The tricky part? Since they are unintended, you don’t expect them to happen. How do you seek out, prevent, or identify something you didn’t intend or expect to happen? It requires experience, listening, and the right culture. Spend time with your agents and communicate often with informal leaders/team leads to find out what is happening (side note: informal leaders/team leads know what people REALLY think way earlier than you). Foster an environment that encourages open and transparent communication. Don’t punish people for asking questions and sharing concerns. These approaches will help.

I have experienced unintended consequences related to KPI’s firsthand. With a previous team I had been presenting a productivity metric to each team member for over a year. I ALWAYS reminded the team during 1 on 1’s there was no specific goal and taking care of the customer was the priority. Even though I felt I was clear about expectations I continued to hear people whisper about hitting “their numbers”. In this case, the focus they were putting on the productivity metric was taking away from creating the best possible customer experience.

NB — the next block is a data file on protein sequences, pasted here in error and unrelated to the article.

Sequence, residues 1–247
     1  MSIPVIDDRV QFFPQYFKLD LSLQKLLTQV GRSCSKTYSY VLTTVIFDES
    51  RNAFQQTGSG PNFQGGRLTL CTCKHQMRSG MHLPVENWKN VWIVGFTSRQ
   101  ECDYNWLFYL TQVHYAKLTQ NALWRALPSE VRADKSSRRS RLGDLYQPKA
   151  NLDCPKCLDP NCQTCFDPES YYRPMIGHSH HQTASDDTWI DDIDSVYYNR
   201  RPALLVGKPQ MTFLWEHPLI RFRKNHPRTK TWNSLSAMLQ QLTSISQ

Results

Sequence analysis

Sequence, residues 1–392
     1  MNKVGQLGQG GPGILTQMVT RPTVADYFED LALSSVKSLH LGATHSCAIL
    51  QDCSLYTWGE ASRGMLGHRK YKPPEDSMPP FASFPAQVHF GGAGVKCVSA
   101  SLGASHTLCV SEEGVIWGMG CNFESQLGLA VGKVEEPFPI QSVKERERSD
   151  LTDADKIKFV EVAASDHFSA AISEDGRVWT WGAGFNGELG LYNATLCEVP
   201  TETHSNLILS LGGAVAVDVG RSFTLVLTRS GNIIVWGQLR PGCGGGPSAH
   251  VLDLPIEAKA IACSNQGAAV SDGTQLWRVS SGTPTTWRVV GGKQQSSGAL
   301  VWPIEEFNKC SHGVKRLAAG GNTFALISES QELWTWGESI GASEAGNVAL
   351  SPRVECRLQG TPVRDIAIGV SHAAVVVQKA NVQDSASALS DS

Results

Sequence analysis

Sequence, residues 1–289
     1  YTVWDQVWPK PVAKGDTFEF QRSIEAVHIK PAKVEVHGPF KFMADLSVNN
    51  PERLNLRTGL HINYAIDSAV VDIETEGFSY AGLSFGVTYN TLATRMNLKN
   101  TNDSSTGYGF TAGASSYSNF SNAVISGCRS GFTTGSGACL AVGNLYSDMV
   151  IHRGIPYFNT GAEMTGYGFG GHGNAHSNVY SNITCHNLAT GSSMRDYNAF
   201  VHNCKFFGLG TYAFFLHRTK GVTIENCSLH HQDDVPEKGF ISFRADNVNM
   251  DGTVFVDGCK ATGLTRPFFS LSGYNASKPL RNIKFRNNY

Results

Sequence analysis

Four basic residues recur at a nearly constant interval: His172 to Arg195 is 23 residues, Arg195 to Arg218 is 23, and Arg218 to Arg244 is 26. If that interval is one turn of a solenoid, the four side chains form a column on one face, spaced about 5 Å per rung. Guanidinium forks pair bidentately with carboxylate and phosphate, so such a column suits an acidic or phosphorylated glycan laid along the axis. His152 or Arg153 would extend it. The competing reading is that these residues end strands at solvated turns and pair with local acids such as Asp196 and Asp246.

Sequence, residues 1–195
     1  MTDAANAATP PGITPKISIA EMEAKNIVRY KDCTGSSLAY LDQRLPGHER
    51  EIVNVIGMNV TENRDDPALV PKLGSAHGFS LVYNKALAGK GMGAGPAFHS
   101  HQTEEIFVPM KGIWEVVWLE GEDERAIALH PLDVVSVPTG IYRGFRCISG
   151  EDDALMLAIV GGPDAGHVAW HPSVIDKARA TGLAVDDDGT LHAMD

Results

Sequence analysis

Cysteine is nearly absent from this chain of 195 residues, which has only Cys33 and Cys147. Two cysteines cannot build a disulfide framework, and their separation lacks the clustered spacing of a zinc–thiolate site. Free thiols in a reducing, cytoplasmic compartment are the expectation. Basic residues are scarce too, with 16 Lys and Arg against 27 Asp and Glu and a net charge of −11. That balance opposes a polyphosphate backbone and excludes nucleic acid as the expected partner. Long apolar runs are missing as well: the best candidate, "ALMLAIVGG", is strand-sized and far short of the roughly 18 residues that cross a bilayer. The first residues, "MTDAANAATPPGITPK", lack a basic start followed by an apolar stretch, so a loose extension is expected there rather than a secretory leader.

Common metrics and programs that result in unintended consequences include: QA programs, Customer Satisfaction programs (CSAT), and Average Handle Time (AHT).

Bringing it All Together

What processes, approaches, or philosophies are creating barriers for success in your contact center? Identifying those roadblocks is the first step to improving the customer experience. It won’t be easy, but it will be worth it.

What obstacles has your team overcome? Share your stories in the comments!



Topics: People Management, Customer Experience